Thursday, 30 August 2012

I Love Lucie

Florence was the first of my feline companions; arriving on the scene some 18 years back; a tiny black ball of fluff with long whiskers, a white tummy and toes. From the very start she commandeered the entire household, capitalising upon our devotion to her and dictating to us all at her whim. Her son Freddie arrived the following year and she bullied him just as she did the rest of us.

Freddie was an adorable, loving Tabby, totally subservient to Florence despite being twice her size.  Once Florence spied Freddie  sleeping peacefully on the sofa, she would stalk silently along the sofa back and then spring upon him, biffing him so that he woke startled, retreating hurriedly, thus vacating a warm hollow into which Florence would curl up, purring happily at another victory and then sleep.

Sketch of Freddie Sleeping

Dinnertime was another opportunity for Florence to assert her position as head of the household. At roughly the same time every evening two plates of food were presented to Florence and Freddie. Freddie would sit, waiting hesitantly to see which plate Florence was partaking from, before tentatively moving forward to take a bite from the other plate. Florence with one eye fixed on Freddie would gulp down a mouthful from the first plate and then just as he was about to begin eating, push him unceremoniously aside and imperiously demolish the food upon the second plate, leaving Freddie to eat from her plate. This ritual continued in the same manner on a daily basis.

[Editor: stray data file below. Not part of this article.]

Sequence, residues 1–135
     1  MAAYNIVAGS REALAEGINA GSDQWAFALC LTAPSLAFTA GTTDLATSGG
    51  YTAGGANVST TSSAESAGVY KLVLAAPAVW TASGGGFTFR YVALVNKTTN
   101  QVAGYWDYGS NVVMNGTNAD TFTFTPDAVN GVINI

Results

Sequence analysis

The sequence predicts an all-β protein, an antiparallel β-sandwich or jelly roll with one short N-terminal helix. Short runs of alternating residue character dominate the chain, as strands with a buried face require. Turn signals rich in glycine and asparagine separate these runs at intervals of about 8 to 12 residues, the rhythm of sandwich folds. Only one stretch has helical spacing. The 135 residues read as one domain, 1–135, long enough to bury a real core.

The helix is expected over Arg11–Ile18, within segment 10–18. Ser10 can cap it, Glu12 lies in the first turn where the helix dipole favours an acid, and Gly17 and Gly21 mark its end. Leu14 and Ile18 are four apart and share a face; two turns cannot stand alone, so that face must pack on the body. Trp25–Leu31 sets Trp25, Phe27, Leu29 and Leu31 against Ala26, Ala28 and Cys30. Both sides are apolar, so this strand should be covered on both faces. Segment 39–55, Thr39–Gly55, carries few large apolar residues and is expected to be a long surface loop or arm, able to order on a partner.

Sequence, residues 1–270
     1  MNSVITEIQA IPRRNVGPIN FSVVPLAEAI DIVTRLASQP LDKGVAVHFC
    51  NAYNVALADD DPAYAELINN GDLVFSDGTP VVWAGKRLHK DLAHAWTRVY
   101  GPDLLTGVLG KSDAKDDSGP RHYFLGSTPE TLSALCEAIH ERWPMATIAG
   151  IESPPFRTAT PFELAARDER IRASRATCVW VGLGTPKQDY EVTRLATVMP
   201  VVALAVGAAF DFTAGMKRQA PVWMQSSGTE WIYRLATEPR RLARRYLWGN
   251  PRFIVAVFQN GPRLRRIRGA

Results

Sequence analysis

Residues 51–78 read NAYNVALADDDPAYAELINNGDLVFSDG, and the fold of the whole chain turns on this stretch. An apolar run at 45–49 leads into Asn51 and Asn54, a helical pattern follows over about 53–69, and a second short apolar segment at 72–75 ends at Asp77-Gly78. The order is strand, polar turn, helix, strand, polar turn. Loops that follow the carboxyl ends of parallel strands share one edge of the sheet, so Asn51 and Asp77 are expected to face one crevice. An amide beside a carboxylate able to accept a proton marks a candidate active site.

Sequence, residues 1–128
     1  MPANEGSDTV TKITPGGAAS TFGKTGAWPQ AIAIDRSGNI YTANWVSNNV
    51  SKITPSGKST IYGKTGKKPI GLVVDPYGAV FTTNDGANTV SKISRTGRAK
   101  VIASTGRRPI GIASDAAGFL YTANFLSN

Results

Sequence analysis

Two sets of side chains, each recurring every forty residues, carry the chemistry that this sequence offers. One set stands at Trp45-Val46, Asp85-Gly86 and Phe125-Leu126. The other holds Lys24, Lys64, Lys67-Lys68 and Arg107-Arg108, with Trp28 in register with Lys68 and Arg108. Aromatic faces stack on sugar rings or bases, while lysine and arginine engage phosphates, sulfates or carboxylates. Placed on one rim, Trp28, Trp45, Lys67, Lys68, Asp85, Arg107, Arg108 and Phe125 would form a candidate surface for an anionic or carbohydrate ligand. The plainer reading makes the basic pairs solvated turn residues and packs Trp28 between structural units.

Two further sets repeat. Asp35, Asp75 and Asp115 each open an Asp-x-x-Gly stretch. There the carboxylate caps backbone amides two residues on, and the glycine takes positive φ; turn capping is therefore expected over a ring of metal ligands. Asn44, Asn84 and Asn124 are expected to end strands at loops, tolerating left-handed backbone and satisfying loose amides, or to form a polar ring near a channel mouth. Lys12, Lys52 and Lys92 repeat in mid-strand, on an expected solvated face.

Sketch of Freddie peering timidly from beneath the rug - watching for Florence 

Lucie came into my life eight years ago - a pathetic scared little scrap of smoky grey fur squawking like a baby banshee from behind my neighbour's hedge. She belonged to my neighbour and technically still does, but this is a fact that has never seemed to bother her and she has persisted unwaveringly with her belief that her rightful home is with me. Florence, as could be expected took great exception to Lucie's arrival and made her indignation known through throwing many hissy fits. Freddie resigned himself to the presence of another female in his life with meek acceptance.

Sadly and causing many tears to be shed, Florence died in 2010. Freddie was heartbroken without her and sat in the garden on the bench near where she was buried and cried for hours, refusing to come indoors. He died three months later. I cried for days!

Lucie had always been mindful that she did not really belong, however with the absence of both Florence and Freddie she now felt that she had earned her right to belong with me and has become increasingly more possessive, demanding all my attention and affection.

Lucie in Bed

Although she is as cute as a button, Lucie does possess some rather unpleasant traits. With the exception of me and my neighbour she is extremely nervous of every human (especially of the male variety)! If she doesn't flee in panic when approached by anyone else, Lucie is apt to develop a serious attack of flatulence; which due to her rich and varied diet of frogs, mice and in the past most lamentably - birds, can be extremely revolting. Her breath too tends to be on the mousey side and certainly not the most wholesome.